According to a report published by WHO in 2015, there are around 1.25 million people who die annually due to car accidents. And due to 94% of these accidents being caused by human error, the idea of eliminating human errors from the equation came to be. The new concept is cars that drive themselves, designed with almost 0% chance of an error.
Self-driven cars won't only make the roads safer, but will actually make the traffic more efficient. A concept that is maybe supported by everyone who is aware of it. But how would you implement that?
Technology isn't the Issue
Maybe when it was first introduced there was the issue of the technology not being advanced enough to make such a concept real. But in the current time, we are closer than ever. The issue is more about how the car would behave in certain situations.
The Trolley Problem of it
The trolley problem is the perfect place to start discussing this issue. When forced upon a decision, how would the car behave when having to either hit 5 people or 1 person? Maybe also 5 to 3? Maybe 5 children on one side and 5 adults on the other? Or maybe, because you probably thought you were safe, one of the options would include sending you, the driver, to your death?
Philosophy Schools in Self-Driven Cars
According to Jeremy Bentham's utilitarianism, the car should go with the decision that causes the least total harm to society. However, according to Immanuel Kant, if you intentionally made and pre-planned (Since the car's decision would have to be programmed in advance) a decision, then you are effectively committing murder, even if we go with the third option then you are committing suicide. Kant is really leaving us no way out except to let fate decide.
Kantism or Utilitarianism: Which One Do You Prefer For Your Car?
When asked about which of these two schools is better followed, most people answer with Bentham's utilitarianism, which makes sense, in a case of an accident the goal is always to have the least amount of victims. However, those people also said that they wouldn't buy a car that might sacrifice them in order to save as many people as possible.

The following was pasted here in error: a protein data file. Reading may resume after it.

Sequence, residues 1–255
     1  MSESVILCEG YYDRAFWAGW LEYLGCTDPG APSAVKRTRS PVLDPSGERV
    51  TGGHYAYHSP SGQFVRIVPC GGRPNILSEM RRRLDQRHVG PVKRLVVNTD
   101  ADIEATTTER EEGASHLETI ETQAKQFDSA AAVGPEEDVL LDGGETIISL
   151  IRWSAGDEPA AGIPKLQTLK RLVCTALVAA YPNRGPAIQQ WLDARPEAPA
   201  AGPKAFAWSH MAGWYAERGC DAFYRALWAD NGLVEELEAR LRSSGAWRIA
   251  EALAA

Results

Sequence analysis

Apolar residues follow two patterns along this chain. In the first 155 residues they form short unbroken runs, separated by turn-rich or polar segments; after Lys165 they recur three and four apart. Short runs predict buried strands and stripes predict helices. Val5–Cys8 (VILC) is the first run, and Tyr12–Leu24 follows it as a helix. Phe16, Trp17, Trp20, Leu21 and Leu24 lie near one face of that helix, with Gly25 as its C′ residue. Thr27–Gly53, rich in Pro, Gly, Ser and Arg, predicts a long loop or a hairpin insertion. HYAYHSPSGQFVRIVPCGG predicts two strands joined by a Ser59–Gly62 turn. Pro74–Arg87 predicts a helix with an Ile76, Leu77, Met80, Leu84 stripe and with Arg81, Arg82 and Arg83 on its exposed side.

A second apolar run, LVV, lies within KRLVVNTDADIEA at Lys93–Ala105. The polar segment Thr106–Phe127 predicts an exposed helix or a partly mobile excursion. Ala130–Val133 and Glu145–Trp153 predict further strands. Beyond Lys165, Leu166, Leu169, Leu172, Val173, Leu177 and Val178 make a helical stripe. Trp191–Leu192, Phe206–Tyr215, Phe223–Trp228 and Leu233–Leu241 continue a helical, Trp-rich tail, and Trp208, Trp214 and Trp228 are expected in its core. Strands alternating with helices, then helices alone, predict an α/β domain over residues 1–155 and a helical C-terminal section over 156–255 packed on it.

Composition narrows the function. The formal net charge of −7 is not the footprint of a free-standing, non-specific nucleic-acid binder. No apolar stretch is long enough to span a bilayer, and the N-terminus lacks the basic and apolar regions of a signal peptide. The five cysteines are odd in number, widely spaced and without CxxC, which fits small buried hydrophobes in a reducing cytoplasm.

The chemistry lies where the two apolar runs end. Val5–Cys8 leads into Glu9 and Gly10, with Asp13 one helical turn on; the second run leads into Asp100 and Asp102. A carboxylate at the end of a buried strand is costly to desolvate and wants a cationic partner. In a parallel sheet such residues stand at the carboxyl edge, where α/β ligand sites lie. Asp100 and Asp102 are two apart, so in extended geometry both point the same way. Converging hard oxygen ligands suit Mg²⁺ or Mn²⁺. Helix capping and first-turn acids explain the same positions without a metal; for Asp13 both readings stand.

Everyone wants self-driven cars to be utilitarian in nature unless, of course, they were the ones driving them. This leads to an issue for manufacturing companies. If they create a car that would sacrifice the driver if it meant the least amount of victims, then no one would buy their cars. If they make their cars prioritize their passengers then they will be harming the public interest. Such a decision would lead to public outrage and might potentially open the manufacturing company and maybe even the client to lawsuits.
In 2016, when asked about how their cars behave in such situations, most companies avoided answering the question. Volvo spokesperson said that their cars don't get into accidents. However, in Mercedes's case, when Christoph von Hugo, the head of the safety department, was asked he answered
If you know you can save at least one person, at least save the one in the car.
The follow-up of that statement was an outrage that resulted in Mercedes taking back von Hugo's words that were said to assure their clients.
The Dilemma Once More
The dilemma is that we want a future that would guarantee our safety, but that can't happen without self-driven cars. However, people won't buy a car knowing that, in very rare cases, would sacrifice their lives to save other people. And if it doesn't do that, then you open yourself to all kinds of public outrage. Taking us in a full circle where we are back to our usual method of driving now leads to 1.25 million deaths years with 94% of them being avoidable.
Maybe this conversation is still ahead of time, however, three years ago we actually had the first self-driven car accident and fatality. And with a touch of irony, the car itself was made by "Our cars don't get into accidents" Volvo. The accident also happened while the car was being observed by an Uber operator. The question is; who do you blame for such an accident, a question that the Maricopa County grand jury couldn't answer as even though they indicted the safety driver, the trial is still yet to start due to the complication of the issue.
There's definitely a little intellectual luxury at play here, since these accidents are very rare. Critics say that most of these scenarios don't exist mostly. And that humans find joy in diving into such a dark place, a place that these critics suggest we won't go anywhere forward as long as we remain in it.
That's my take and I look forward to reading your opinions and takes on the subject.